The Alliance is the oldest Great Lakes organization devoted 100 percent to the lakes. Our professional staff works with scientists, policymakers, businesses, community groups and everyday citizens to protect and restore the world's largest surface freshwater resource.
The Clark County Soil and Water Conservation District (SWCD) was organized by landowners in 1944 and is a legal subdivision of the State of Indiana established by the Indiana Soil Conservation Act of 1937.
Carolina Mountain Land Conservancy is dedicated to protecting and stewarding land and water resources vital to our natural heritage and quality of life and to fostering appreciation and understanding of the natural world.
Over the years, small groups of Refuge supporters have worked on projects such as building trails, surveying wildlife and eradicating invasive species. As the numbers of volunteers grew, so did the desire to do more…for both the Refuge and our communities.
The Heart of the River coalition was formed in April, 2013 in response to an announced plan by the Anderson (Indiana) Corporation for Economic Development to build a dam and reservoir on the White River which is central Indiana’s principal geographic feature.
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The Hoosier Environmental Council is the voice of the people for the environment in Indiana-the organization with the passion and the plan to tackle our environmental challenges and help make our state a healthier, better place to live and do business.
Our mission is to protect, restore, and enhance southern Indiana's landscapes by coordinating efforts to identify, prevent, and control invasive species.
Three Valley Conservation Trust partners with people and communities to conserve the cultural heritage and natural environment of its service area for the benefit of future generations. Watersheds, forests, farmland, and the cultural landscape are important components of a natural environment.
The Wabash River Heritage Corridor Commission, representing the Wabash River Heritage Corridor, shall protect and enhance the natural, cultural, historical, and recreational resources and encourage sustainable development of the corridor.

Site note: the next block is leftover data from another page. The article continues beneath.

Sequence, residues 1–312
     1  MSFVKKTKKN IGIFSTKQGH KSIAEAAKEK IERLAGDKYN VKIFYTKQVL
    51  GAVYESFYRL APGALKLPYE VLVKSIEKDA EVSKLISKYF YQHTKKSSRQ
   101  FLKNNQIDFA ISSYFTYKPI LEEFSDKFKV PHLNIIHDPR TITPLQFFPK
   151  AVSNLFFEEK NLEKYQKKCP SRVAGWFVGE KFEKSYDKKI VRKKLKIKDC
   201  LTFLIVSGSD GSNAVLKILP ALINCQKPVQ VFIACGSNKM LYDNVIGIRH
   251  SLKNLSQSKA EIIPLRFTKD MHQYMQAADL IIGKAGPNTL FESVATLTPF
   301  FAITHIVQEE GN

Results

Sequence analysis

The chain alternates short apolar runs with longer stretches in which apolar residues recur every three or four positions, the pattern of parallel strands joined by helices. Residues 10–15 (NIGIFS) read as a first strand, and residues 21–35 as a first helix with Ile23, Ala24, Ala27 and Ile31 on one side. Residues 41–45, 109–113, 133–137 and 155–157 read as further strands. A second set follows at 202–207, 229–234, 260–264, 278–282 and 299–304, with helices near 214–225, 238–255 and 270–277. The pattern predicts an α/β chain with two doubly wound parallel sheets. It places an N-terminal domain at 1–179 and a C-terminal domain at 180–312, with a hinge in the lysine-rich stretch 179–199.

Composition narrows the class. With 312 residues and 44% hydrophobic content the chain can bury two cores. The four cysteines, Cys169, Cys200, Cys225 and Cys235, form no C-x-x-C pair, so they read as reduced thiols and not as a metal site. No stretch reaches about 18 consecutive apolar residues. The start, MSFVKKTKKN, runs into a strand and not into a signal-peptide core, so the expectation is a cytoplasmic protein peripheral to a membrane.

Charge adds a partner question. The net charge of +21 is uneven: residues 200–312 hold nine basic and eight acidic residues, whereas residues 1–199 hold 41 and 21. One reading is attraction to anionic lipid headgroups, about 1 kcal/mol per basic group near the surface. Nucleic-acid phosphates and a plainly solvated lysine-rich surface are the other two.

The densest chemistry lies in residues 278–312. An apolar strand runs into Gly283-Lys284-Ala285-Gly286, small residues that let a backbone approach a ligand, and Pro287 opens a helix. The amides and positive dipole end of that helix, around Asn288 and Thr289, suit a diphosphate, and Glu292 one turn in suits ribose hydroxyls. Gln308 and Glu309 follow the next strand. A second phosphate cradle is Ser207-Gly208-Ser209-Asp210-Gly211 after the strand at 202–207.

Articles About other Conservation Organizations
The Conservation Law Center, a non-profit environmental law firm based in Bloomington, has hired Christian Freitag to succeed W. William Weeks as president and director of the organization. The Conservation Law Center provides legal counsel without charge to conservation organizations, works to improve conservation law and policy, and offers law students clinical experience in the practice of law and the profession's public service tradition.
Peter Murrey and Clinic interns submitted comments on behalf of the American Bird Conservancy to the Fish and Wildlife Service urging the agency to strengthen proposed rules governing private oil and gas drilling in these sensitive areas.
Director Bill Weeks spoke at Friends of the White River annual meeting this February. CLC has been assisting FOTWR in negotiations with the DNR about tree removal on the White River levee.
At the event, President Dan Valleskey presented the organization's annual award to CLC. The hand-made carved paddle represents FOTWR's gratitude for CLC's legal council.
On October 26, the CLC submitted comments on the Office of Surface Mining’s proposed Stream Protection Rule on behalf of the Hoosier Environmental Council. The proposed rule updates surface coal mining regulations in light of new information on coal mining’s effects on ecosystems and the difficulty of replacing healthy streams impacted by mining. The proposed rule would allow companies to mine through streams if avoiding the streams is not practicable and the applicant demonstrates that she can replace the form and function of the impacted stream. However, the rule allows states with primary authority over surface coal mining to develop their own standards to measure stream function.
The CLC is assisting The Nature Conservancy in clearing mineral encumbrances from properties in the Wabash River watershed for conservation. Many property owners do not own the mineral rights beneath their property. This means the mineral rights owner can use the surface to reach any coal, oil, or natural gas beneath the property. We are clearing abandoned rights of titles and working with owners with current rights to secure the release of the surface rights so the property can be committed to conservation use without the risk of mining or drilling occurring in the future.
On behalf of Friends of the White River, CLC has challenged the Indiana Department of Natural Resources’ decision to authorize the permanent destruction of more than seven acres of mature hardwood forest and other high-quality riparian habitat along Indianapolis’s White River levee.